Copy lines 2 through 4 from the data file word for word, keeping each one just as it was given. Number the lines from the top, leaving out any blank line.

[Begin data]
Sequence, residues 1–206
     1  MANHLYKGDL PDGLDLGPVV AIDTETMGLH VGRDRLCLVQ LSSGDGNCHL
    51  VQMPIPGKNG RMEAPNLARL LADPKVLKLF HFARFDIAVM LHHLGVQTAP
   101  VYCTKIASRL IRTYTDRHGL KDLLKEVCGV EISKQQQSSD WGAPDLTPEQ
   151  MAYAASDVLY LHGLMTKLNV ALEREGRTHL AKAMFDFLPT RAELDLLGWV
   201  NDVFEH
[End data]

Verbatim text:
     1  MANHLYKGDL PDGLDLGPVV AIDTETMGLH VGRDRLCLVQ LSSGDGNCHL
    51  VQMPIPGKNG RMEAPNLARL LADPKVLKLF HFARFDIAVM LHHLGVQTAP
   101  VYCTKIASRL IRTYTDRHGL KDLLKEVCGV EISKQQQSSD WGAPDLTPEQ